For years, Boeing represented the dominance of the US aerospace industry. The 707 was the first successful jet airliner credited with heralding the Jet Age.
The 747 is known as the Queen of the Skies as she was the first long-haul, wide-body “jumbo jet” ever conceived.
Boeing’s present structure is divided between commercial plane, defense, and space manufacturing. Their primary production facility is in Everett, Washington, but they also have a large plant in North Charleston, South Carolina.
Airbus began in 1969 when the French and German governments agreed to a consortium that could better compete with the American aerospace industry.
While there was a lot of innovation by several European manufacturers, the economies of scale were not in their favor. By joining forces and cooperating, these manufacturers could take on much bigger projects with higher production costs. From the outset, the goal was to compete globally based on technology.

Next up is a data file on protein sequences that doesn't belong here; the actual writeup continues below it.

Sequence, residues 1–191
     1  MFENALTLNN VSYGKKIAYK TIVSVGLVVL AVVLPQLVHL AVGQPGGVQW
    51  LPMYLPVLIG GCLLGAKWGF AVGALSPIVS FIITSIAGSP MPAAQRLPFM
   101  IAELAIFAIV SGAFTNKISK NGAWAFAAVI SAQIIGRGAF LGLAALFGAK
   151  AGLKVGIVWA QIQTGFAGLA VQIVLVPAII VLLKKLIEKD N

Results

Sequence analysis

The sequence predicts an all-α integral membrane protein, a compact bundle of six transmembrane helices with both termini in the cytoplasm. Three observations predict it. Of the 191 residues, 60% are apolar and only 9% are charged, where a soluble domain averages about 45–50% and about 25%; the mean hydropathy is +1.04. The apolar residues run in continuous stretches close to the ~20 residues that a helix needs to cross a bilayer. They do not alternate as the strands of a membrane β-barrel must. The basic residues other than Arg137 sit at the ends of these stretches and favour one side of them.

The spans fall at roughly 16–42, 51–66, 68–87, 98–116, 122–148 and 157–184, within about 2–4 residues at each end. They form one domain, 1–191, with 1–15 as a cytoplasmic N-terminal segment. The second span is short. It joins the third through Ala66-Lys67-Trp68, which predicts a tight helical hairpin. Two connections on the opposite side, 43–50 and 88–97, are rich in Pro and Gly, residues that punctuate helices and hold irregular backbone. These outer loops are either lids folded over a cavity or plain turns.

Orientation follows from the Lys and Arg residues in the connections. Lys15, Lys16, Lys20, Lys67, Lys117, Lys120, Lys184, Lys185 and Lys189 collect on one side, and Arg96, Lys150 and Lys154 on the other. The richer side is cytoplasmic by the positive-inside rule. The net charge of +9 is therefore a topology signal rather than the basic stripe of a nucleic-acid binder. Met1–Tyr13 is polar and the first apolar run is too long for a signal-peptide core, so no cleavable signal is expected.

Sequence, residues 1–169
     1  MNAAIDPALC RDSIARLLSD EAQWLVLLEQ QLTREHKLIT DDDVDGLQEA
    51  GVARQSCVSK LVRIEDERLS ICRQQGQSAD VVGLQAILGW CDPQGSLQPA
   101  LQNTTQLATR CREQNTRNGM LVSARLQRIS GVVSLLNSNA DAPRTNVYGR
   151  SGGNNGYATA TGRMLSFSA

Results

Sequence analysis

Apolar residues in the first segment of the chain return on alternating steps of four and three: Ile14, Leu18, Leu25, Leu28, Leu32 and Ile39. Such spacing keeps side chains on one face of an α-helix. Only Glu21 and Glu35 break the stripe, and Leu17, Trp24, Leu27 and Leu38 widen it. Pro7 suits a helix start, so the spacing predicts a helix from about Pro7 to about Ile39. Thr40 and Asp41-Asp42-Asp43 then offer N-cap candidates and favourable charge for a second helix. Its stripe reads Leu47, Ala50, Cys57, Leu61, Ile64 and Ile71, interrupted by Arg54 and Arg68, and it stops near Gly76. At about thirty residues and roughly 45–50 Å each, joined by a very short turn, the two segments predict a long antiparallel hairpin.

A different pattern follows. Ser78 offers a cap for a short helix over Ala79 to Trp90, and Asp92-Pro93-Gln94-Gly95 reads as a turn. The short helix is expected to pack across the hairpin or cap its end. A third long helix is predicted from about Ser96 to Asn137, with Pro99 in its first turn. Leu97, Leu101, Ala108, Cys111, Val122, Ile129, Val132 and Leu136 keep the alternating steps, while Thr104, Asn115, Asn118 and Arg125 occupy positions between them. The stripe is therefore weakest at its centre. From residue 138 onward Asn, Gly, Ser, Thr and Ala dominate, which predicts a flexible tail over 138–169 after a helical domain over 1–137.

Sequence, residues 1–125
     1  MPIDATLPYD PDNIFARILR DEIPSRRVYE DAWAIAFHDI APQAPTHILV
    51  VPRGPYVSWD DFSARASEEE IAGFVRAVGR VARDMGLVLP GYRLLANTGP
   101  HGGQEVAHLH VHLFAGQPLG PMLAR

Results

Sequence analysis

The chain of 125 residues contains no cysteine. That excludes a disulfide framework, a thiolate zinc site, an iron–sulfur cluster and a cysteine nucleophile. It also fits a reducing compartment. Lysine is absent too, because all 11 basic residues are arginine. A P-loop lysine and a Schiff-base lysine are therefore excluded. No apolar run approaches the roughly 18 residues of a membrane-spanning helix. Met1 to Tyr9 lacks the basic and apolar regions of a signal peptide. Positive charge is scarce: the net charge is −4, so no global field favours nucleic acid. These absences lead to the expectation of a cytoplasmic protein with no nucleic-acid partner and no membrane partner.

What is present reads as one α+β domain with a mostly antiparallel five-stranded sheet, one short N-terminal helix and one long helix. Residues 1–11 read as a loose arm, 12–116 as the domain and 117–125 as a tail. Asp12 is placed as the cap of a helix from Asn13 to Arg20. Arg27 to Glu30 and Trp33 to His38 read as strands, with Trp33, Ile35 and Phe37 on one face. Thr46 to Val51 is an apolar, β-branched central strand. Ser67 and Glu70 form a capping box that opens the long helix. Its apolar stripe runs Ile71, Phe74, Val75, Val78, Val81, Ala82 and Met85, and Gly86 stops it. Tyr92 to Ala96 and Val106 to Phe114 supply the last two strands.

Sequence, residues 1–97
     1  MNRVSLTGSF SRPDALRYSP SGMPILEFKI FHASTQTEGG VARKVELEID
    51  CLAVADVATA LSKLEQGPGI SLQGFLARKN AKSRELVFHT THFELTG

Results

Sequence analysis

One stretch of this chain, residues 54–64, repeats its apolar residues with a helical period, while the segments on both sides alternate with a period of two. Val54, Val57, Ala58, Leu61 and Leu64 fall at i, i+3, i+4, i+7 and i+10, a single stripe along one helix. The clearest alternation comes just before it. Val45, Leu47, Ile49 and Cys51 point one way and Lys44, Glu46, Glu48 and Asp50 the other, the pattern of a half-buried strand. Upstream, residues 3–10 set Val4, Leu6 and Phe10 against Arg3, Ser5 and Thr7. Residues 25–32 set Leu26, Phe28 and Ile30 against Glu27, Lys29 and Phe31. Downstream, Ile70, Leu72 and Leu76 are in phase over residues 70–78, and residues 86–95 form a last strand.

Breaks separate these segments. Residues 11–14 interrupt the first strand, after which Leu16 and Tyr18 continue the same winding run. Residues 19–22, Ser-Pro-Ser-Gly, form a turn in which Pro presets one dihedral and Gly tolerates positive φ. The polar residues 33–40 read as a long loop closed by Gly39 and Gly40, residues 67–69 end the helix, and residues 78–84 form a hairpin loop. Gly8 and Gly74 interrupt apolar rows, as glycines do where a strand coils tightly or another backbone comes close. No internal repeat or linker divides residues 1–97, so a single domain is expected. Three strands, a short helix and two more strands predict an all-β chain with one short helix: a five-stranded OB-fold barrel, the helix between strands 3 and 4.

Eventually, the company formed from French Aérospatiale, British Aerospace, German Deutsche Airbus, and Spanish CASA. The companies worked together to design and produce their first airliner, the A300.
The plane first flew in 1972 and successfully competed against other similar wide-body planes of the time, like the Lockheed L-1011.
Though the business structure changes every few years, today’s Airbus includes business units that can track their history back to:
- European Aeronautic Defence and Space (EADS) Company
- German DASA (Daimler-Benz Aerospace, Dornier, Messerschmitt, and MTU)
- British Hawker Siddeley and Britsh Aerospace (BAC/BAE Systems)
- Bombardier C-series airliners (now the A220)
Airbus’s present business units include commercial aircraft, helicopters (formerly Eurocopter), defense, space, and security products.